This 1986 Catalina 30 sailboat is perfect for both seasoned sailors and those looking to embark on new sailing adventures. This vessel comes equipped with some nice features including an autopilot, self tailing winches and a roller furling jib.
Enjoy the comfort and roominess of the Catalina 30’s cabin, intelligently designed with a galley, dining area, and comfortable sleeping accommodations. There are bunks for up to 6, an enclosed head, a large dinette and a full galley.
Impressive Sailing Performance: Benefit from the Catalina 30’s renowned sailing performance, featuring a balanced sail plan and responsive handling, making each sailing excursion a joyous experience.
Whether you’re planning a weekend getaway or a long-distance voyage, this Catalina 30 is ready to take you on new adventures. Join the ranks of countless sailors who have experienced the exceptional quality and performance of the 1986 Catalina 30.
With its autopilot and roller furling jib, this sailboat offers convenience and enhanced handling, making it suitable for both leisurely day sails and extended journeys. Don’t miss this opportunity to own a well-preserved piece of sailing history. Contact us today to schedule a viewing or request further information
The theoretical maximum speed that a displacement hull can move efficiently through the water is determined by it's waterline length and displacement. It may be unable to reach this speed if the boat is underpowered or heavily loaded, though it may exceed this speed given enough power. Read more.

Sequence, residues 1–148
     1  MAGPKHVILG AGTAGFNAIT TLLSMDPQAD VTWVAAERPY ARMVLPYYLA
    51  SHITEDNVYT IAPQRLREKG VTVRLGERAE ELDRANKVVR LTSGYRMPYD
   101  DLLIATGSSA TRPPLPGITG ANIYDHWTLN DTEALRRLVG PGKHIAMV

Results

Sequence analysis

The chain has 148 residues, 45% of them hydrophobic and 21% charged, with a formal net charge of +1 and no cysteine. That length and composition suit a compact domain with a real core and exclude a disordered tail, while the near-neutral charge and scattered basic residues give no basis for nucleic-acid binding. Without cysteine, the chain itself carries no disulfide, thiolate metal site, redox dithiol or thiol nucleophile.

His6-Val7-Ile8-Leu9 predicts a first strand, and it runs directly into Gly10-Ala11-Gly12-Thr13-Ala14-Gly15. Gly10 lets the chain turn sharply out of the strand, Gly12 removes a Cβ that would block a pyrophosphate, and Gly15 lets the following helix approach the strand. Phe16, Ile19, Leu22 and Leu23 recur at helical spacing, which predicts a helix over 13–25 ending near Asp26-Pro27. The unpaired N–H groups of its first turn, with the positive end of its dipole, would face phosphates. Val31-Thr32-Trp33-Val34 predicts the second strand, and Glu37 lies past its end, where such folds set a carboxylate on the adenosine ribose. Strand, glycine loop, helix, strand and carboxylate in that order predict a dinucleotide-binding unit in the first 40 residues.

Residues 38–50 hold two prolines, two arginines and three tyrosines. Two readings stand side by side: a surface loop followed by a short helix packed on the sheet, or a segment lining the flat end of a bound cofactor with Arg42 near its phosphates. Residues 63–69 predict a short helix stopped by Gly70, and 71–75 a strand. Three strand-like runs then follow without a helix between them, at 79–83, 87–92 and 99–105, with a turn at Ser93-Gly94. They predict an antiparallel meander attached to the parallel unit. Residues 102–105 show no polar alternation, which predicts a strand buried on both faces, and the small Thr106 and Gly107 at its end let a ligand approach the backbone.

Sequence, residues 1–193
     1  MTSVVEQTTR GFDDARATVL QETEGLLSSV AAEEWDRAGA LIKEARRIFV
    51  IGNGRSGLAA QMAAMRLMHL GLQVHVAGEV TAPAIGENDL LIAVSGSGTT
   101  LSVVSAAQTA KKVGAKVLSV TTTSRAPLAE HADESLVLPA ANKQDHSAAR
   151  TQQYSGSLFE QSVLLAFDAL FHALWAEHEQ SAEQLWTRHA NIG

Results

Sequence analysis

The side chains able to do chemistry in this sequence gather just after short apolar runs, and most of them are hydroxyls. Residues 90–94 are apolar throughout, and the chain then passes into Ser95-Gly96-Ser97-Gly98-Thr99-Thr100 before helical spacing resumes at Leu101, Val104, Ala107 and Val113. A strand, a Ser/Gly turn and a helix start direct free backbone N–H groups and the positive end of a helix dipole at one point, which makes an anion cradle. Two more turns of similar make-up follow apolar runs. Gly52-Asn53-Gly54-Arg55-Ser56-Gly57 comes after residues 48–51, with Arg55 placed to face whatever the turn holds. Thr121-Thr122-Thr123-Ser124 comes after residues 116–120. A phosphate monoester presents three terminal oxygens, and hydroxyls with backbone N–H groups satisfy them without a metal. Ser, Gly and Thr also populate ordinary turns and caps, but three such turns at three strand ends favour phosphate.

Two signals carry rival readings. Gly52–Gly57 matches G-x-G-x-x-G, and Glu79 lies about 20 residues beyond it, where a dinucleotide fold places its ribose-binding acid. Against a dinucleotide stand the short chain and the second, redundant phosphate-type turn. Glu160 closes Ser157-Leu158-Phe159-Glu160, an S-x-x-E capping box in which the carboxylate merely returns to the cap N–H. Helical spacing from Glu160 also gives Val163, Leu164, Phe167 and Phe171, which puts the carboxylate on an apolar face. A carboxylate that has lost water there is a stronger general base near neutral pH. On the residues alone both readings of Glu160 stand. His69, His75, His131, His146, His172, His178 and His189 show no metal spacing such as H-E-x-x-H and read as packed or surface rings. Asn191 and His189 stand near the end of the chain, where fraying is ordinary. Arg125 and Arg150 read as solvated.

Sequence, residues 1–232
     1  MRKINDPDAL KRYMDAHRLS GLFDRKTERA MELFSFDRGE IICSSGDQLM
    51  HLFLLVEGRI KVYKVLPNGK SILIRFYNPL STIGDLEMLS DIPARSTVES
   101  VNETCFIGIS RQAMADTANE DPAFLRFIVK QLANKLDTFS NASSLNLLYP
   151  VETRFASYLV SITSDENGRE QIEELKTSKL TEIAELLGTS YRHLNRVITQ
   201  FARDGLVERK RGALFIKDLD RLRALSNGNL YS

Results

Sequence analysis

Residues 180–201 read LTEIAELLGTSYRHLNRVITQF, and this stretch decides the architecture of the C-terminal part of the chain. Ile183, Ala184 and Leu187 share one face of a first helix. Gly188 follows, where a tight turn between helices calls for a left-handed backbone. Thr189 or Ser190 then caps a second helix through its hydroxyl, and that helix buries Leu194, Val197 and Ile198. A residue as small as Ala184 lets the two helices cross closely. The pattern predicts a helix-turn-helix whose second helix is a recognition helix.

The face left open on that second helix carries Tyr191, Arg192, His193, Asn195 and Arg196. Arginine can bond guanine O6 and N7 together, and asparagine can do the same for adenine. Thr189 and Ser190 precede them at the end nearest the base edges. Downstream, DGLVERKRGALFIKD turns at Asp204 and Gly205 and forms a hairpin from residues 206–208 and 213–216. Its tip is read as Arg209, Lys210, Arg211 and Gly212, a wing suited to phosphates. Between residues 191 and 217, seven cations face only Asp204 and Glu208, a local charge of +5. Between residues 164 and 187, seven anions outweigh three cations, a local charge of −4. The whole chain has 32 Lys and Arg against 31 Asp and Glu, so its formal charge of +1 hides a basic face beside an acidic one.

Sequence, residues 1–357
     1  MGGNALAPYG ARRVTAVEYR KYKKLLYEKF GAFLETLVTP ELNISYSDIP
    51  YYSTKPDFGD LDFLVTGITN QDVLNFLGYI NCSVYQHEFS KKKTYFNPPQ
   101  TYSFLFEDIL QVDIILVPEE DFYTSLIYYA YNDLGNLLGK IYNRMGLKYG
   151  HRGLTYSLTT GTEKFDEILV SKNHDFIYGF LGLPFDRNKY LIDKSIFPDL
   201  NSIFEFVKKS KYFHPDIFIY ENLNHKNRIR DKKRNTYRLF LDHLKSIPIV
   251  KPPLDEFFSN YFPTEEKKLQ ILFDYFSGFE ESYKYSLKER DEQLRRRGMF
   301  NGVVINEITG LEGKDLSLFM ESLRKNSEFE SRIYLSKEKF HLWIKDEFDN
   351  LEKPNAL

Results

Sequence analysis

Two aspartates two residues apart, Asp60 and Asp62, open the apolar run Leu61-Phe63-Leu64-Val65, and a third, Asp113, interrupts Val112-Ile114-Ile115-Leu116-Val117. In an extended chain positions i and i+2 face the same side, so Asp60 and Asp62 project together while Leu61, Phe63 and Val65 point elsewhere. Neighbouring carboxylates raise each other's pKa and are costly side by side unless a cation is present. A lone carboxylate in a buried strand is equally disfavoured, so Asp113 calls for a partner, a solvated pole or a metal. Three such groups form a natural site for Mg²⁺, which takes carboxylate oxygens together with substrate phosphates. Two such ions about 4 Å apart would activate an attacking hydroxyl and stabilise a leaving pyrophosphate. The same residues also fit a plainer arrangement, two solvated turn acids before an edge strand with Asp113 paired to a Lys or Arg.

Classic hull speed formula:
Hull Speed = 1.34 x √LWLA more accurate formula devised by Dave Gerr in The Propeller Handbook replaces the Speed/Length ratio constant of 1.34 with a calculation based on the Displacement/Length ratio.
Max Speed/Length ratio = 8.26 ÷ Displacement/Length ratio.311
Hull Speed = Max Speed/Length ratio x √LWL
A measure of the power of the sails relative to the weight of the boat. The higher the number, the higher the performance, but the harder the boat will be to handle. This ratio is a "non-dimensional" value that facilitates comparisons between boats of different types and sizes. Read more.
SA/D = SA ÷ (D ÷ 64)2/3
A measure of the stability of a boat's hull that suggests how well a monohull will stand up to its sails. The ballast displacement ratio indicates how much of the weight of a boat is placed for maximum stability against capsizing and is an indicator of stiffness and resistance to capsize.
Ballast / Displacement * 100
A measure of the weight of the boat relative to it's length at the waterline. The higher a boat’s D/L ratio, the more easily it will carry a load and the more comfortable its motion will be. The lower a boat's ratio is, the less power it takes to drive the boat to its nominal hull speed or beyond. Read more.
D/L = (D ÷ 2240) ÷ (0.01 x LWL)³
This ratio assess how quickly and abruptly a boat’s hull reacts to waves in a significant seaway, these being the elements of a boat’s motion most likely to cause seasickness. Read more.
Comfort ratio = D ÷ (.65 x (.7 LWL + .3 LOA) x Beam1.33)
This formula attempts to indicate whether a given boat might be too wide and light to readily right itself after being overturned in extreme conditions. Read more.
CSV = Beam ÷ ³√(D / 64)
BMW diesel (9hp) offered as an option.
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